Written by Adam Liptak
In the Supreme Court’s first ruling on abortion since the arrival of Justice Amy Coney Barrett, the court Tuesday reinstated a federal requirement that women seeking to end their pregnancies using medications pick up a pill in person from a hospital or medical office.
The court’s brief order was unsigned, and the three more liberal justices dissented. The only member of the majority to offer an explanation was Chief Justice John Roberts, who said the ruling was a limited one that deferred to the views of experts.
The question, he wrote, was not whether the requirement imposed “an undue burden on a woman’s right to an abortion as a general matter.” Instead, he wrote, it was whether a federal judge should have second-guessed the Food and Drug Administration’s determination “because of the court’s own evaluation of the impact of the COVID-19 pandemic.”
“Here as in related contexts concerning government responses to the pandemic,” the chief justice wrote, quoting an earlier opinion, “my view is that courts owe significant deference to the politically accountable entities with the ‘background, competence and expertise to assess public health.’”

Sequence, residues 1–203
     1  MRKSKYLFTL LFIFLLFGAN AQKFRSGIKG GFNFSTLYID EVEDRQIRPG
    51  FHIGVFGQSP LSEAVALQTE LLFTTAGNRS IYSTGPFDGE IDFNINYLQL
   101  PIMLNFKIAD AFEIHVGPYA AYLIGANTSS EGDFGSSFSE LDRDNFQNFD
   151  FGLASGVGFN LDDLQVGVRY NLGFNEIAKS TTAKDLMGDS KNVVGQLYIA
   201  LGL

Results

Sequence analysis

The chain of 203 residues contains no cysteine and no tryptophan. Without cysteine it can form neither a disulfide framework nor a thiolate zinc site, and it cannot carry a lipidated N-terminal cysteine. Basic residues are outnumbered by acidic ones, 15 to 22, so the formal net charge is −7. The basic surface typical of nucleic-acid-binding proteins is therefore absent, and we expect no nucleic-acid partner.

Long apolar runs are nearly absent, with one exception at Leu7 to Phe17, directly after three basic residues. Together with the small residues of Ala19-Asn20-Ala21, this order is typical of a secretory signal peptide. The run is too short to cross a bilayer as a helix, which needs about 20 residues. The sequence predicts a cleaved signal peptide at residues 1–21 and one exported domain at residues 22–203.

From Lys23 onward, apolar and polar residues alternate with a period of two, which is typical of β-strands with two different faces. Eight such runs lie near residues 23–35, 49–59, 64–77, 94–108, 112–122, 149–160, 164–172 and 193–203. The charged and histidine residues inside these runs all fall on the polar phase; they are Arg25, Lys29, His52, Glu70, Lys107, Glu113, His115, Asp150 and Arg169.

In dissent, Justice Sonia Sotomayor, joined by Justice Elena Kagan, said the majority was grievously wrong.
“This country’s laws have long singled out abortions for more onerous treatment than other medical procedures that carry similar or greater risks,” Sotomayor wrote. “Like many of those laws, maintaining the FDA’s in-person requirements” for picking up the drug “during the pandemic not only treats abortion exceptionally, it imposes an unnecessary, irrational and unjustifiable undue burden on women seeking to exercise their right to choose.”
She suggested that the next administration should revisit the issue.
“One can only hope that the government will reconsider and exhibit greater care and empathy for women seeking some measure of control over their health and reproductive lives in these unsettling times,” Sotomayor wrote.
Julia Kaye, a lawyer with the American Civil Liberties Union, said the Supreme Court had taken an extraordinary step.
“The court’s ruling rejects science, compassion and decades of legal precedent in service of the Trump administration’s anti-abortion agenda,” she said in a statement. “It is mind-boggling that the Trump administration’s top priority on its way out the door is to needlessly endanger even more people during this dark pandemic winter — and chilling that the Supreme Court allowed it.”
Judge Theodore D. Chuang, of the U.S. District Court in Maryland, had blocked the requirement in light of the coronavirus pandemic, saying that a needless trip to a medical facility during a health crisis very likely imposed an undue burden on the constitutional right to abortion.
The case concerned a restriction on medication abortions, which are permitted in the first 10 weeks of pregnancy. About 60% of abortions performed in those weeks use two drugs rather than surgery.